The repair is done with 12-14 permanent sutures in a tension-free and water-tight fashion.
Compression shorts are recommended for approximately three weeks.
This allows for the inner and out layers of the repair to heal without the undue stress of the testicles and hence the vas deferens moving up and down and potentially delaying the healing process.
So though the two primary areas that need to heal before strenuous physical activity or sexual activity are different in character, the magic number of time is around three weeks-four weeks.
Anecdotally, I have had a patient present to my office the day after a reversal stating that he was having bleeding at the incision site. He confessed that he had had sex the night of the procedure. I reassured him the bleeding was from the skin edge and nothing to be concerned about.
This couple had a baby almost 9 months later to the day. Go figure!
The time from the vasectomy to the reversal is one of the most important factors in the reversal’s success.
The longer the interval the more effect of the vasectomy obstructing the natural course of things in the testicle has on sperm quality.
Determining how much negative effect has occurred as result of the vasectomy on the quality and quantity is variable and usually based on the time interval.
Assuming that because a vasectomy can potentially “shut down” production of normal sperm, the testicles, after a reversal, have to readjust and begin to produce sperm again.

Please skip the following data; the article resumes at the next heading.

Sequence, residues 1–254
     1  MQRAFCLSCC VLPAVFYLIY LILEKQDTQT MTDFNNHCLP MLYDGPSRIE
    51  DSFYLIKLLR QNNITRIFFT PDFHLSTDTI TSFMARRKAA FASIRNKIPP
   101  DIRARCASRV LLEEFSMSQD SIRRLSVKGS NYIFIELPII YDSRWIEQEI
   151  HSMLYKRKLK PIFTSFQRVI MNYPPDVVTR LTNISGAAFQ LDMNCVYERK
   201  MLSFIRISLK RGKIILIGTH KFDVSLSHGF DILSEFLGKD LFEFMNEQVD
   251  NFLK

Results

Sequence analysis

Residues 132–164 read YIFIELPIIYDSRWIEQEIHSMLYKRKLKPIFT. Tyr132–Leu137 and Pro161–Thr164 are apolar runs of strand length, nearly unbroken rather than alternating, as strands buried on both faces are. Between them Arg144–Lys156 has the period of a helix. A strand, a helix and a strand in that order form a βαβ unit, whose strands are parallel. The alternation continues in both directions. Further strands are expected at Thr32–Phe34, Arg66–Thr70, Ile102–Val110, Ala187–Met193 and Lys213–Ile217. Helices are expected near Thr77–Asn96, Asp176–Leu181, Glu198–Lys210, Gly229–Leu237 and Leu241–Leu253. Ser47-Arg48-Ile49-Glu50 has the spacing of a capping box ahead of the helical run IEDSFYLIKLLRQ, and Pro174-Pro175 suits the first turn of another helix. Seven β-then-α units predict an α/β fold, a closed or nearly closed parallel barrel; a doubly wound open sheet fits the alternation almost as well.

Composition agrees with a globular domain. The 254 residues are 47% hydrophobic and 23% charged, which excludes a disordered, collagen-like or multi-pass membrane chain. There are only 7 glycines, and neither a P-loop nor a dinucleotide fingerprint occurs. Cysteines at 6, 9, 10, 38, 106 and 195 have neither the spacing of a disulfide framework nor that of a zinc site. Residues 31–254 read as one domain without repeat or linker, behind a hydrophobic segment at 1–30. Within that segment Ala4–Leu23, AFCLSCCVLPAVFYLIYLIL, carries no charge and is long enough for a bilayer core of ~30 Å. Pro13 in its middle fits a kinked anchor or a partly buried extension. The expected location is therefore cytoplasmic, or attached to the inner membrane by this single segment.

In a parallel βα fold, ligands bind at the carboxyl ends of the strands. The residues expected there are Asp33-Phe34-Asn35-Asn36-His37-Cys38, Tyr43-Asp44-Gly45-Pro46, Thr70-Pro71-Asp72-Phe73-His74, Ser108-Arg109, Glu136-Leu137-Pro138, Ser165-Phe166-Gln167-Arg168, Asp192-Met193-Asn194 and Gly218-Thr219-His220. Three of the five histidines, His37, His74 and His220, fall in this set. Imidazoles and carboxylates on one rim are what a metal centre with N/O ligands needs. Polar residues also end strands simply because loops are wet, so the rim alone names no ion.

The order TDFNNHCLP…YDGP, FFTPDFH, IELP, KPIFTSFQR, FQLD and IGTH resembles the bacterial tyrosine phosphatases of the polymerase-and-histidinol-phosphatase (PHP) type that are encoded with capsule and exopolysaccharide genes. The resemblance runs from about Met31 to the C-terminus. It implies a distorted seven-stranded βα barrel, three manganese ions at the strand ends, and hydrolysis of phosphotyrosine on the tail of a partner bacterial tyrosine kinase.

The chart above shows the maturation of sperm in the testicle.
This process usually takes about three months.
So, if the testicles have stopped producing sperm and the obstruction of the vasectomy is corrected by the reversal, then it would take about three months for normal sperm to complete the maturation process and be seen in the ejaculate.
So this is why many reversal doctors tell their patients not to consider submitting a specimen for the presence of sperm after a reversal for at least 3-4 months.
It you submit a specimen at three months and there are no sperm, that is disappointing, but in many patients it may take up to a year for the testicles to resume their normal activity.
I have had patients with no sperm in the ejaculate at six months and achieved pregnancy at one year.
Well you might think this is an odd question. Well…it is probably the most commonly asked and the first question in the post-op area asked by the wife. Tighty whities or boxer briefs are the most common “supports” mentioned as potentially being suitable for the post-reversal male.
The problem with the traditional “jock strap” and the above mentioned supports is that they just don’t add the compression and lack of movement of the testicles necessary to facilitate immobilizing the newly repaired vas deferens.
Nothing fits the bill better than a pair of athletic compression shorts as seen above. The male can begin wearing the day after the procedure and throughout the 3-4 week post-operative non sexual activity period necessary to allow the vasectomy reversal to heal appropriately.
Okay…you think this was an odd thing to spend a post on, but just wait…it will be on your mind as the first question after the surgery…that is after, ” When can we have sex?”
As a side note-this type of compression shorts are excellent for the post-vasectomy patient as well.